The morning after his NY Post colleague Tim Bontemps detailed the stunning developments that have Nets head coach Jason Kidd most likely leaving to take over Milwaukee’s basketball operations — after attempts to torpedo Billy King apparently came up short —the Post’s Mike Vacarro has a laundry list of ethical issues concerning Kidd to raise, but not before declaring Brooklyn’s better off without him (“their chances improve exponentially if they’re coached by any of a dozen legit candidates”)
Kidd’s been doing this since his freshman year at Cal, when he led a mutiny that wound up costing Lou Campanelli his job with 10 games left in the season.
And never were his Machiavellian methods more on display then the evening of Dec. 5, 2007, when, unhappy with the Nets’ unwillingness to trade him or extend his contract, he conducted a one-man job action, calling in sick and missing a game against the Knicks at the Meadowlands when the only thing wrong with him was a sour attitude.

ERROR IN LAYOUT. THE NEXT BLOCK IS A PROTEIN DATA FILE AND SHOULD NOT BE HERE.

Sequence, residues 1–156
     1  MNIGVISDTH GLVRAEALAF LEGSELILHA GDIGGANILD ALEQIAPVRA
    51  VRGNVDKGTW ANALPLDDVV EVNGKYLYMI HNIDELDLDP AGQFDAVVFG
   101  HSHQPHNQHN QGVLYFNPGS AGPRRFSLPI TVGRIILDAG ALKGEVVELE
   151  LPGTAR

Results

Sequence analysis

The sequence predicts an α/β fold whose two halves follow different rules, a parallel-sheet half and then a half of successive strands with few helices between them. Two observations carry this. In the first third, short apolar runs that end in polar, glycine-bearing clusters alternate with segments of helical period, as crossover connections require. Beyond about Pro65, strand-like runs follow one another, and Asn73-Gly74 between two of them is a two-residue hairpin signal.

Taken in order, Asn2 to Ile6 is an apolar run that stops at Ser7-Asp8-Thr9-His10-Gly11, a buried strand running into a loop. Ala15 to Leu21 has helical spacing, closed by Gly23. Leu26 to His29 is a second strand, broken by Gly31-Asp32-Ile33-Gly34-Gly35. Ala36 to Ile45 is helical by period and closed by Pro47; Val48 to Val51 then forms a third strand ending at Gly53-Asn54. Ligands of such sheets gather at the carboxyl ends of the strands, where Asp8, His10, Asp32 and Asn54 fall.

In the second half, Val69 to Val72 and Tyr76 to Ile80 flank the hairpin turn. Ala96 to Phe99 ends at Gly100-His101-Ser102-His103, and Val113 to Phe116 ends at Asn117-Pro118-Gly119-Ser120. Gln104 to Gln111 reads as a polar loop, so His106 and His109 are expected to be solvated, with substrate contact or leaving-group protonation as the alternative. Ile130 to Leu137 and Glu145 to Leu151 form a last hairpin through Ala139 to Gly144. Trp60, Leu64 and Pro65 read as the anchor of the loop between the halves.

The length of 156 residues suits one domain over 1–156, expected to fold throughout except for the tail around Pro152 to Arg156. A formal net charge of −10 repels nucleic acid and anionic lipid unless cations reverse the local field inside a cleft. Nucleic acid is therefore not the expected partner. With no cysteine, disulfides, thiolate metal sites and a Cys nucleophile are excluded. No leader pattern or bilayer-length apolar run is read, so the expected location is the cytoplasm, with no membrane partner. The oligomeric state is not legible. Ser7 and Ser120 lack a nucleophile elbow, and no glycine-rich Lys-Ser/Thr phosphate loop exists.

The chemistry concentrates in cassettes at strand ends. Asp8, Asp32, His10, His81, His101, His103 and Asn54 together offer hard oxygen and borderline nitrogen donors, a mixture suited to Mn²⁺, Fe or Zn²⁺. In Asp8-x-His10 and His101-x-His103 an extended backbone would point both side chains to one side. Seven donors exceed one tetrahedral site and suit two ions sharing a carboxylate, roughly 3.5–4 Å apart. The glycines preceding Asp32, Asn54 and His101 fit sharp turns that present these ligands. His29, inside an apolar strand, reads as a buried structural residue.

Kidd was a genius player, and none of his clubhouse-lawyering and coach-killing will ever change that. But his off-court conniving is every bit as much a part of who he is, who he always has been, as his on-court brilliance. The Nets, of all teams, knew that as well as anybody, and hired him anyway last summer.
And then, in case anyone forgot, he chased a reluctant Lawrence Frank for weeks to be his top aide, demanded that the Nets make him the top-paid assistant in the league…then exiled him about 15 minutes into the season.